Indiana Spine Group, PC v. Pilot Travel Centers, LLC, No. 93A02-1003-EX-315 (Ind. Ct. App. 08/10/10).
Ruling: The Indiana Court of Appeals held that a two-year statute of limitations did not apply to a medical provider's application seeking a balance owed. The court remanded the case for a further determination.
What it means: Indiana law provides a two-year statute of limitations for the modification of a workers' compensation award due to a "change in conditions." This statute of limitations does not apply to an application by a medical provider to adjust the claim for a provider fee.
Summary: A worker sustained a work-related injury. The employer provided medical treatment through a medical provider. The employer issued payments for some of the medical treatment, but left an unpaid balance of $21,750. The provider filed an application seeking the balance owed. The employer claimed that the provider's application was barred by a statute of limitations. The Indiana Court of Appeals held that the two-year statute of limitations did not apply to the provider's application.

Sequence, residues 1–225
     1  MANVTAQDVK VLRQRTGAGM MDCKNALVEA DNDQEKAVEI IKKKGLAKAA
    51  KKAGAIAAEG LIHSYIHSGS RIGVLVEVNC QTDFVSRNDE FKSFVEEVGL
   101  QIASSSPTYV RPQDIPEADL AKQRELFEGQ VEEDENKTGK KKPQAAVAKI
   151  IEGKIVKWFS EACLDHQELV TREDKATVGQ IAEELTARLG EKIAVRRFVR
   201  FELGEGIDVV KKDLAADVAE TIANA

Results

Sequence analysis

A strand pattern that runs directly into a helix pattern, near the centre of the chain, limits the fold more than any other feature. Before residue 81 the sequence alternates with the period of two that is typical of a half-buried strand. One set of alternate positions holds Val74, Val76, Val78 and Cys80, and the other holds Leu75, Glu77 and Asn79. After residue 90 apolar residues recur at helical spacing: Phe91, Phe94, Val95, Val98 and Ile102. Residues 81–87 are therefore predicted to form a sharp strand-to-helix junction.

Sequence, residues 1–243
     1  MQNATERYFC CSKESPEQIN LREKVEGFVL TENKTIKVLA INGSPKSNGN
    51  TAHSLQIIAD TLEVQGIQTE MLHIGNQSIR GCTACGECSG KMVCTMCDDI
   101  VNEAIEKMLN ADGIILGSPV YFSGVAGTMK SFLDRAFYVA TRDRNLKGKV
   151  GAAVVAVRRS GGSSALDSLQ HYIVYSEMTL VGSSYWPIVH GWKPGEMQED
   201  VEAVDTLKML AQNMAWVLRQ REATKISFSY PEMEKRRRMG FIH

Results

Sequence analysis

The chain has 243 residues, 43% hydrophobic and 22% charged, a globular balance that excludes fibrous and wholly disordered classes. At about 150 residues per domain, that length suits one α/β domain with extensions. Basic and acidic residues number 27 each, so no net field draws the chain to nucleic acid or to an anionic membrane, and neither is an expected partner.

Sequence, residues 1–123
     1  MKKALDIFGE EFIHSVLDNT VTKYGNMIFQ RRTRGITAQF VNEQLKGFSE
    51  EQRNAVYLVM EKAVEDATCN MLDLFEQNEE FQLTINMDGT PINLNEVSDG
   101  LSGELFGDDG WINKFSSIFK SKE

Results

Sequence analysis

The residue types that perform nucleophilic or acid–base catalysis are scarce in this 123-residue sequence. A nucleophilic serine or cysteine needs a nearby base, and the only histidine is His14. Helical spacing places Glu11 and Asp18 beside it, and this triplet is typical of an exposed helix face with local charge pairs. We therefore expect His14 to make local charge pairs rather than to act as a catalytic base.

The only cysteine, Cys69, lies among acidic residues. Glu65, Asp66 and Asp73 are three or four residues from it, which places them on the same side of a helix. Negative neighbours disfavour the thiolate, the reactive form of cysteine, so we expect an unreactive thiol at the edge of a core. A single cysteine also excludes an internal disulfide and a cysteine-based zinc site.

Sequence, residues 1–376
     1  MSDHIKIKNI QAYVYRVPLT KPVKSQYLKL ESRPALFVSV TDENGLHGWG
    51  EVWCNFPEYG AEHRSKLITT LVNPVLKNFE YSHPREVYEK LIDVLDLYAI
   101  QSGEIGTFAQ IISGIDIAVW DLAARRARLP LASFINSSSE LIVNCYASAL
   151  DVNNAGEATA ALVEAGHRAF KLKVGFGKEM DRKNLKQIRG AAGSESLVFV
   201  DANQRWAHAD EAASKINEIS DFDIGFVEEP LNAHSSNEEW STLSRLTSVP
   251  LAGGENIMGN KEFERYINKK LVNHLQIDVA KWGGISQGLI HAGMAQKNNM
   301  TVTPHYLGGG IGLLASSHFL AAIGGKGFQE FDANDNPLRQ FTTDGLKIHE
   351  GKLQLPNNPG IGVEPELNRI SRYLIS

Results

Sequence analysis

The court mentioned that Indiana law establishes a two-year statute of limitations for the modification of an award due to a "change in conditions" which begins to run on the last day compensation was paid to the injured worker. In this case, there were no changed conditions requiring a modification. The court stated that the worker was entitled to benefits and the only issue was the amount of the provider's bills the employer must pay.
The court said that applying a two-year statute of limitations in similar cases "could lead to absurd results." If the statute applied, a worker could receive medical services up to the end of the statutory period, leaving a medical provider with little or no time to enforce its right to payment for the services.
Read more at the WorkersComp Forum homepage.
November 18, 2010
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